在澳大利亚 The pool at of an IP needs to be resurfaced (or so the pool doctor says), the cost was estimated to be $10K ($10,000), after recoverying from my impresssion of a cat coughing up a fur ball, it just seems far too much. Its just a standard poo I need some advice regarding a property purchase. Property - semi-detached house Bedrooms - 2 Condition - average needs internal reno to modernise Street - one of the best in suburb Location - excellent Close to schools - yes Transport - 50m
in relation to established suburbs not areas where there is new development and oversupply forces rents to go down what are some other reasons?
Major chemical or nuclear contamination?
im guessing from that answer theres not much chance unless something radical happens?
If you look at Cairns you can see exactly what happens with rents.
When employment opportunities lessen, the population moves, in Cairns it was the southerners going back home. Less jobs, less people, more vacancies. Rents are reduced to attract people to your property. Some of the holiday accommodation becomes permanent rentals, increasing the competition.
I was getting $320pw now after 15 weeks vacancy am lucky to get $250pw
buy in Sydney /metro. rents have been on the up for years.
james start said: ↑
in relation to established suburbs not areas where there is new development and oversupply forces rents to go down what are some other reasons?Click to expand...You can still experience over-supply/demand imbalance in more established areas. From late 2010 to mid to late 2011 I experienced this in suburbs 10 km radius in Bayside region of Melbourne. These were houses. Rents were not advertised above-market (recent historical market comps), however I could not remember them taking so long to let. We dropped rent a few pegs and filled them quick smart.
Whether it's from an over-supply of new stock or a slowing demand from immigration, students, or whatever sometimes if rents have escalated for a period, they need to establish an equilibrium of sorts before their next run up.
Outer suburbs and new estates of course have bigger problems in that regard, as there is generaally no shortage of stock and with lagging amenity, rent drops are necessary to secure tenants.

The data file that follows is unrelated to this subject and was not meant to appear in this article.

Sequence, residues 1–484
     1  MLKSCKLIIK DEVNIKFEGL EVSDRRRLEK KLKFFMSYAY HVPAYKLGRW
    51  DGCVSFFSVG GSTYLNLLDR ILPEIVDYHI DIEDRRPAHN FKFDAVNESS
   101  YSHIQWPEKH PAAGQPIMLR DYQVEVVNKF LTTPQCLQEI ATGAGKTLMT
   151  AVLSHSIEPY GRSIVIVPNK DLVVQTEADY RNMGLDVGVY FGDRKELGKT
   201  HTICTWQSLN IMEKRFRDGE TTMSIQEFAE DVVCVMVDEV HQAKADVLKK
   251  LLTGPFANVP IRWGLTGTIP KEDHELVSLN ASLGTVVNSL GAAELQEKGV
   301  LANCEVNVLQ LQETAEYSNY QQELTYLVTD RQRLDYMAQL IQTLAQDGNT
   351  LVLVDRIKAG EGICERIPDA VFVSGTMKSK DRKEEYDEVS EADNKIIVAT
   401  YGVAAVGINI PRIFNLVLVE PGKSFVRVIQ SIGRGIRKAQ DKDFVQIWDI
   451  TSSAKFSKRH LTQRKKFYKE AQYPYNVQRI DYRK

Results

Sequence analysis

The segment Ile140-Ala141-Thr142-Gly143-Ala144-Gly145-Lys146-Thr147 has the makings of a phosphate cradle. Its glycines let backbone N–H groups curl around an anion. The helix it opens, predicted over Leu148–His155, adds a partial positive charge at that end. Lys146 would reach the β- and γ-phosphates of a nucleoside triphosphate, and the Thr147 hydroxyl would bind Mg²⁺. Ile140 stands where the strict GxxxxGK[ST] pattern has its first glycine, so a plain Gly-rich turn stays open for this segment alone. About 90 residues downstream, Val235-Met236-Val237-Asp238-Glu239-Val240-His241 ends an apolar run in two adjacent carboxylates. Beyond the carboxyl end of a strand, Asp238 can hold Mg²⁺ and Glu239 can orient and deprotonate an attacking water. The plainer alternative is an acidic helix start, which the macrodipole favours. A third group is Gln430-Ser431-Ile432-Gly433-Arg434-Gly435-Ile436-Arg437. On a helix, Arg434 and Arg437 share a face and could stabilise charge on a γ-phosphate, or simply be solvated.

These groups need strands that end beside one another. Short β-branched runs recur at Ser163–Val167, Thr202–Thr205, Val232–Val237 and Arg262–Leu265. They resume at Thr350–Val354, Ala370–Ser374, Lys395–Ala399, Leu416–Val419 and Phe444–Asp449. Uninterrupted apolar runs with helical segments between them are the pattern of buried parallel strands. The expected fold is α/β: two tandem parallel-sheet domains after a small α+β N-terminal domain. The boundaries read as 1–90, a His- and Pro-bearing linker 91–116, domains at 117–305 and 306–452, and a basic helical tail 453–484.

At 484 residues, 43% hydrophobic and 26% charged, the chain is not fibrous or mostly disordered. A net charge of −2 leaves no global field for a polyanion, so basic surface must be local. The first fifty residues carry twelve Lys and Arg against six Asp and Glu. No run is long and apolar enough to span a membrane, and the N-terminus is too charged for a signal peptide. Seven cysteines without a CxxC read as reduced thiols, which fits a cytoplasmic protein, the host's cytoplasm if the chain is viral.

The under-supply of housing myths are still disseminated by the datasphere. The only tight market, where my rents are rising is Sydney. The rest, I keep them the same, especially for good tenants, until the conditions allow rent rises to resume again.
The short of it is, that even in-fill areas can have periods where rents stagnate or even have to fall a little to allow for the catch-up of supply/demand to re-establish an equilibrium.
Unemployment is the biggie.
For most people who stay employed they carry on as usual. But when the income dries up then they have to take action. This can mean moving back with parents, moving in with friends, moving to a cheaper property etc.
As in the early 1990s, when demand falls rent prices fall too, as landlords compete for fewer tenants. A sudden glut of properties on the market when you have a vacancy means you will find a tenant quicker if your price is competitive.
I recall a few years ago there was a chemical problem in one of Melbourne's outter suburbs. Another development had landfill problems where the ground was unstable.
The articles of the day were all about the falling property values but I imagine that the rents went down as well. It's actually likely that the rental yield itself increased because the prices fell more than the rents.
A major contributor to the US property prices falling was due to changing demographics and employment. With 10% unemployment a lot of people couldn't afford to pay their mortgage. This does a lot of damage to the prices in the area. Other people get a job elsewhere, so they sell up and move. The problem is they can't sell because prices in the area are now depressed, so their only real choice is to hand the keys back to the bank, further depressing the market and also causing the banks to take a loss.
Rents fell in 2009 in the UK (I think), because of a combination of an oversupply of property that wouldn't sell, or the owners weren't willing to accept a realistic price, so letting it instead, and rising unemployment. So if the Australian economy tipped into a recession then I'd expect to see falls.
That said, despite a slow economy they've been rising in London over the last year or two. Banks are demanding an impeccable credit rating and a minimum of a 20% deposit, which has made it very difficult for buyers to enter the market. So despite things not being great, rents have risen by 10% per annum due to there being more people requiring rental accommodation.
Any town that relies on a major employer, when sh.. happens and the employer runs into a go slow, staff get layed off and rents plumit.
We have a couple of houses in Roxby and a few years ago the mine was slowing down due to GFC, 1 shaft was shut and they were running on 2 shafts then .... the ore cart thing droped down 1 shaft and broke a lot of stuff, so the mine was down to 1 shaft out of 3, therefore mine production was down to 33% so staff dropped, so rents dropped, think ours went from $450 wk to $300 wk, remember it was about 30% drop in rent, it's only now that the rent has moved back up.
It's all supply and demand, economics 101, very basic. Hard part is working were / who it will impact and trying to budget or plan for it.